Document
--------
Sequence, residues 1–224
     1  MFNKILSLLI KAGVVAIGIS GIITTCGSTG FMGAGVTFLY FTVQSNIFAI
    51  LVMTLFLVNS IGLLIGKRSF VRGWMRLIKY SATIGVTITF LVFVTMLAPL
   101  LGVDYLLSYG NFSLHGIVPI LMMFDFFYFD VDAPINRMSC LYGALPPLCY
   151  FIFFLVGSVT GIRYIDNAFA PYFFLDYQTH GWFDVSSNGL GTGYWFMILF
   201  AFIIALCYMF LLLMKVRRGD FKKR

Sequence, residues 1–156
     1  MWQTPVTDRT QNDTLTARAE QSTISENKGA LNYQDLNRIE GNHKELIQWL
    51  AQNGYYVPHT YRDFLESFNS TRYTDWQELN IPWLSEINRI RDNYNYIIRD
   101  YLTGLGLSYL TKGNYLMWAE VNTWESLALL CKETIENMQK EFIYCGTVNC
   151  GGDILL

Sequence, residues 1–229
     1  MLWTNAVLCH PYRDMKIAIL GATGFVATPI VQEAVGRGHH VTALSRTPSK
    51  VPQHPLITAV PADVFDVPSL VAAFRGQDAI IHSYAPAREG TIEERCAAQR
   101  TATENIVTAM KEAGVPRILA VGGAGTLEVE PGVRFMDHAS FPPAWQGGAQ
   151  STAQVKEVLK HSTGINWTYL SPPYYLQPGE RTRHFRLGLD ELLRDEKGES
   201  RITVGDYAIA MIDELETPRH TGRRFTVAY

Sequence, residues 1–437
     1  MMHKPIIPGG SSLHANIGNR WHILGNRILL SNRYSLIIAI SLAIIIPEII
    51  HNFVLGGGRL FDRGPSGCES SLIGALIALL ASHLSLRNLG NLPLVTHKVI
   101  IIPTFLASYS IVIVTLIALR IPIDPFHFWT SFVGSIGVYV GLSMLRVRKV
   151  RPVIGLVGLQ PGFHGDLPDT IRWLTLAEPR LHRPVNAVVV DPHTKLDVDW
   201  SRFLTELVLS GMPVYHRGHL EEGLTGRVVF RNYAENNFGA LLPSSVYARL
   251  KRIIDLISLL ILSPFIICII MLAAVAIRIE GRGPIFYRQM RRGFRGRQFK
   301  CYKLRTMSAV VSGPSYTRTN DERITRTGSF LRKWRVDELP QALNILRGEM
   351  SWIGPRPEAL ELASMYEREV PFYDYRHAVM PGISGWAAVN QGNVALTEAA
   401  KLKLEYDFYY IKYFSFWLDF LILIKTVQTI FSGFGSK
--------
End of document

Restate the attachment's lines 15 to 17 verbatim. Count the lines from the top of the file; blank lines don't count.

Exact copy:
   101  TATENIVTAM KEAGVPRILA VGGAGTLEVE PGVRFMDHAS FPPAWQGGAQ
   151  STAQVKEVLK HSTGINWTYL SPPYYLQPGE RTRHFRLGLD ELLRDEKGES
   201  RITVGDYAIA MIDELETPRH TGRRFTVAY